Sun, 26 Jan 2003

Peace zone marks start of long-term harmony in Aceh

Kornelius Purba The Jakarta Post Banda Aceh, Aceh

Being a war zone for almost three decades, Aceh on Saturday took a small step, but in some ways it could be a giant leap toward peace, by declaring a small district near the provincial capital of Banda Aceh, the first demilitarized zone.

Barring any unforeseen obstacles, Aceh will have seven more peace zones within two weeks.

The first zone of peace is Indrapuri district in Aceh Besar regency. It lies 24 kilometers south of Banda Aceh. The district was chosen due to its close distance to the provincial capital and because conflict there was so intense at times that it now requires immediate humanitarian assistance.

The declaration ceremony took place near a traditional market in Indrapuri and was attended by about 2,000 local people and the representatives of the Aceh Besar local administration. Also present was Maj. Gen. Tanongsuk Tuvinun from Thailand, who heads the Joint Security Committee (JSC), and representatives of the Henry Dunant Centre (HDC), which brokered the peace deal.

Indrapuri is the first demilitarized area in the province following the signing of a peace agreement between the Indonesian government and the Free Aceh Movement (GAM) in Geneva on Dec. 9.

Pamphlets containing peace messages were displayed near the venue. There was also a small poster containing 15 prohibited acts, including rape and sexual harassment, especially by the Indonesian Military (TNI) and Police who have been deployed to Aceh.

"Both parties have come together to create this weapons-free place and to pave the way for economic development," Tuvinun said in his speech.

The ceremony only lasted about 30 minutes, with Tuvinun the only one addressing the crowd. There was no dialog between the local people and the tripartite JSC, which comprises representatives of Indonesia, GAM and the HDC, many of whom are from the Association of Southeast Asian Nations (ASEAN) member countries.

Despite the absence of a dialog, local people looked enthusiastic and were especially happy with the warm attitude of the Thai general, as many of them approached him just to shake hands with him.

"Together, we can all help the Acehnese begin to live a normal life," Tuvinun told the audience.

"I hope peace will last long here. We have suffered too much. Now we feel safer, and we can go to our paddy fields with less fear," said a 35-year-old housewife when asked about the prospects for peace.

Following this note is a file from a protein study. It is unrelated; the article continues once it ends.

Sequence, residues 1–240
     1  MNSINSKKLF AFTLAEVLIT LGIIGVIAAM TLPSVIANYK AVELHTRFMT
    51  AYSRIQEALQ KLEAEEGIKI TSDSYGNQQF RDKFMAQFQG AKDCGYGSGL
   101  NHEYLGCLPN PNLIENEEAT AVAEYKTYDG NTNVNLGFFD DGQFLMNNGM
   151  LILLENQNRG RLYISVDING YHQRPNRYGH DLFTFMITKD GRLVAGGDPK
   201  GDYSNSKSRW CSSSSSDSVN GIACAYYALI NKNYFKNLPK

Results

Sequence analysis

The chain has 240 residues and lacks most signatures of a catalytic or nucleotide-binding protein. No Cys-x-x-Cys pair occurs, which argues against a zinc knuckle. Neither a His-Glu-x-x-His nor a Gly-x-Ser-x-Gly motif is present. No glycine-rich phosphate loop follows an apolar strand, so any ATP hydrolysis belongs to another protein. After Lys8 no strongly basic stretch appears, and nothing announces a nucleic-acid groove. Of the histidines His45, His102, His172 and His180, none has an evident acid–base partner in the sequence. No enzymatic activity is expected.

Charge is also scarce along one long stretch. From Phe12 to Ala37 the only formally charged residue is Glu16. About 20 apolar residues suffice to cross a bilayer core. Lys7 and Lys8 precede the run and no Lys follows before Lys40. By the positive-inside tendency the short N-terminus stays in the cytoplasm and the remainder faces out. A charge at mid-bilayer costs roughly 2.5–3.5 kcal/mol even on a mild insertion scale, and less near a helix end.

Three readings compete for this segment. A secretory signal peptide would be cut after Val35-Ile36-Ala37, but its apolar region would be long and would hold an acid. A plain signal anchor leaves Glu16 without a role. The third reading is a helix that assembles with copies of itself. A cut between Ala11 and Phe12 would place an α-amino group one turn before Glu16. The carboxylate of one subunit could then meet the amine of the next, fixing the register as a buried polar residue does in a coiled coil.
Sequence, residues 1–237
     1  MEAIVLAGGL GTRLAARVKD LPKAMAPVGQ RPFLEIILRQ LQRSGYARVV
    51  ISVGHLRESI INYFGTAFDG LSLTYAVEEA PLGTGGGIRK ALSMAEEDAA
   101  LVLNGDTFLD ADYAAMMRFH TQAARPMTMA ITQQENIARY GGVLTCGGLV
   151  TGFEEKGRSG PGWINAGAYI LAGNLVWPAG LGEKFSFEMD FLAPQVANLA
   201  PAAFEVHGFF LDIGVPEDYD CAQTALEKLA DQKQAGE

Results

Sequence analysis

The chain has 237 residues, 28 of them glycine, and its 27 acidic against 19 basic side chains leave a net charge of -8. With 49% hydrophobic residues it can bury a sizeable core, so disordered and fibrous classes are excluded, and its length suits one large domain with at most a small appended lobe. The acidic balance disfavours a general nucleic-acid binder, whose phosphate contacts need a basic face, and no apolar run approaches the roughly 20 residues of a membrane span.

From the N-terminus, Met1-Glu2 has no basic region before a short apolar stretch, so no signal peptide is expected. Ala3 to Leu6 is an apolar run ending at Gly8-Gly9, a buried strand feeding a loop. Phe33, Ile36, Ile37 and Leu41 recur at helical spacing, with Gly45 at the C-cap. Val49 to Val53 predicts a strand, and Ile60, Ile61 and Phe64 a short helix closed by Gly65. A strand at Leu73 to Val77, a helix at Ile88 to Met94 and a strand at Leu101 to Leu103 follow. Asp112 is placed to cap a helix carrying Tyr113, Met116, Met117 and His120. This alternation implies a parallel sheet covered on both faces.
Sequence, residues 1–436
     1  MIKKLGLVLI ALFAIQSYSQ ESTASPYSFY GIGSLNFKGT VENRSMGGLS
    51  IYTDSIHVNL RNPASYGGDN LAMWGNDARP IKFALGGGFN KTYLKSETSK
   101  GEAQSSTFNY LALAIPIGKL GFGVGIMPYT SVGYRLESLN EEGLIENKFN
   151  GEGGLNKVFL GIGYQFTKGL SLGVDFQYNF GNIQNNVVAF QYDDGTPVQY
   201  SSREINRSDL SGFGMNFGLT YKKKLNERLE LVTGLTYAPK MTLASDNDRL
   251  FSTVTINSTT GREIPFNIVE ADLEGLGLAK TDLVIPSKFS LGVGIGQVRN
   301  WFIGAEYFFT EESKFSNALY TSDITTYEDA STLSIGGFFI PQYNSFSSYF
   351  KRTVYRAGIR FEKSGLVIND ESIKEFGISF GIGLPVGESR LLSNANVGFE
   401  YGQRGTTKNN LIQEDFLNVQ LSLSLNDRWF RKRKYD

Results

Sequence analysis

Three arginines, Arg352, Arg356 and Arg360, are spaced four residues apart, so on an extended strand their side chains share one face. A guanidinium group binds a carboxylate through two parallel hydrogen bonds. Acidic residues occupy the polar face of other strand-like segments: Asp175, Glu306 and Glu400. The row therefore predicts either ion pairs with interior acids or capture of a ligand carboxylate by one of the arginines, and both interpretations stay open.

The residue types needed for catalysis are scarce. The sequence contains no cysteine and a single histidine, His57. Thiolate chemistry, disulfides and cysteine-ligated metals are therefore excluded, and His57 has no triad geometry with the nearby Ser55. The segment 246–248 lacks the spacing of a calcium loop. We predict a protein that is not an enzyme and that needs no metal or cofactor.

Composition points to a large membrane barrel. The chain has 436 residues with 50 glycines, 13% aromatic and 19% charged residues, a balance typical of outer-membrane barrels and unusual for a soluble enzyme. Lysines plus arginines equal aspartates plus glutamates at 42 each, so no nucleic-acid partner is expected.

Most other local people seemed very suspicious when queried about peace in their region. Some of them spoke only in Acehnese (most of the security personnel deployed by Jakarta cannot understand it) and quickly left if any other Indonesians tried to approach them.

In a media briefing, the preceded the ceremony, Tuvinun announced an ambitious plan to extend the peace zone areas to eight other regencies in Aceh before Feb. 8. He declined to identify the regencies.

However a government official, who asked not to be identified, and GAM official T. Kamaruzzaman revealed that Banda Aceh, Aceh Besar, South Aceh, Bireun, North Aceh, East Aceh, Central Aceh and Pidie would be demilitarized within two weeks. The eight peace centers will cover all 19 regencies and mayoralties before the whole of Aceh is eventually declared as a peace area.

"For the time being, nine places will be a good start. However, we hope that Aceh will soon be declared a complete zone of peace," said Kamaruzzaman, a JSC member representing GAM.

According to the Geneva agreement, GAM members and Indonesian soldiers are prohibited from carrying weapons outside their respective bases within peace zones. Military outposts must also be vacated.

Despite the Geneva agreement and stronger international presence to monitor the truce, the long-standing question about trials for perpetrators of human rights abuses during the war era remains unanswered. Human rights activists here have complained that the Dec. 9 agreement hardly dealt with human rights issues or the punishment of the perpetrators.

During a public discussion, organized by the Foundation for Care of Human Rights (YPHAM) here, most speakers, including noted human rights activist Sidney Jones and the foundation executive director Saifuddin Bantasyam, raised their doubts about the government's ability to punish human rights violators during the conflict in Aceh.

According to them, an everlasting peace in Aceh would remain a concept on paper, unless people saw that justice was being upheld and the those who committed crimes against humanity, were properly punished.

Budi, a police officer participating in the discussion, could not hide his anger when a student quoted an officer in Aceh as telling students that for police here the problem was only "to kill or to be killed."

Acehnese participants during the discussion could only bitterly smirk when Yuwaldi, a government-appointed member of the National Commission on Human Rights (Komnas HAM), asked Acehnese people to just pray, because only God could end human rights violations and punish the perpetrators.

"We can only depend on God," Yuwaldi said, arguing that human rights issues were just too complicated for human beings.